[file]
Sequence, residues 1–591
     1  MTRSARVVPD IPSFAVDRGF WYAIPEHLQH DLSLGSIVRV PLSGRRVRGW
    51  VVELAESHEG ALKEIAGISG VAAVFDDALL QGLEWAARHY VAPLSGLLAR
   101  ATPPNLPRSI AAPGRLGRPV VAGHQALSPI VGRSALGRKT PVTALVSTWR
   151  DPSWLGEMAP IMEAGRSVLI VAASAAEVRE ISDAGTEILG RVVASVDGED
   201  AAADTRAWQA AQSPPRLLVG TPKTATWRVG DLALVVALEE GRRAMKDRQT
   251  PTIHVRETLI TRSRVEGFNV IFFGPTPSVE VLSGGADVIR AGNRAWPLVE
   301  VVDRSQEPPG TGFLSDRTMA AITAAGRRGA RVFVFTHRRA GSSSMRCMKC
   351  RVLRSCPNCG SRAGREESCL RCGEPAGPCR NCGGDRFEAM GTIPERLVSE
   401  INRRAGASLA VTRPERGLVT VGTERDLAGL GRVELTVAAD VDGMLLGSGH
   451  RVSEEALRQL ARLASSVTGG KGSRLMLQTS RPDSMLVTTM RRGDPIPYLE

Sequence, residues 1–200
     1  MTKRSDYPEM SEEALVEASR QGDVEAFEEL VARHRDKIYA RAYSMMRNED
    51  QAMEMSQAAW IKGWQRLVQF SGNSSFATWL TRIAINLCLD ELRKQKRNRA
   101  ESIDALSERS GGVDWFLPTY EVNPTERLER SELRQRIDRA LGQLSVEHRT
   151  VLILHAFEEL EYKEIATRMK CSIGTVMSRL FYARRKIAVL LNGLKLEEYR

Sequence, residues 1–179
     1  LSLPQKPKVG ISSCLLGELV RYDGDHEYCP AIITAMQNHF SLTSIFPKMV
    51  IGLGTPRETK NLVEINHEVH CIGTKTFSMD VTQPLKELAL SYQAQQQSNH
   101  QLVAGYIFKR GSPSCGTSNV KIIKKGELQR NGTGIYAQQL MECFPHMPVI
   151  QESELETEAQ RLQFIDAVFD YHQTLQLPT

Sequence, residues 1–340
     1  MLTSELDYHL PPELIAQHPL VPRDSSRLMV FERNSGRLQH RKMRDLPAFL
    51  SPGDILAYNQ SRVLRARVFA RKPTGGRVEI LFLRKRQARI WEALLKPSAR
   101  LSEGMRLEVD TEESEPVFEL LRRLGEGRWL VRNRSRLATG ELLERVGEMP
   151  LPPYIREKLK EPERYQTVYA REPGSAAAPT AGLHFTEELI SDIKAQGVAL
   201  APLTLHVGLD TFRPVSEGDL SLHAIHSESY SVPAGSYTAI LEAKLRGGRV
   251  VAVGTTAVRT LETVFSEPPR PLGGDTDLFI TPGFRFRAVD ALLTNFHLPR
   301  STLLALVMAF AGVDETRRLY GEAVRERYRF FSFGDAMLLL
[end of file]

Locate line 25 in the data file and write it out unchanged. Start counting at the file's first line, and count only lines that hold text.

   101  LSEGMRLEVD TEESEPVFEL LRRLGEGRWL VRNRSRLATG ELLERVGEMP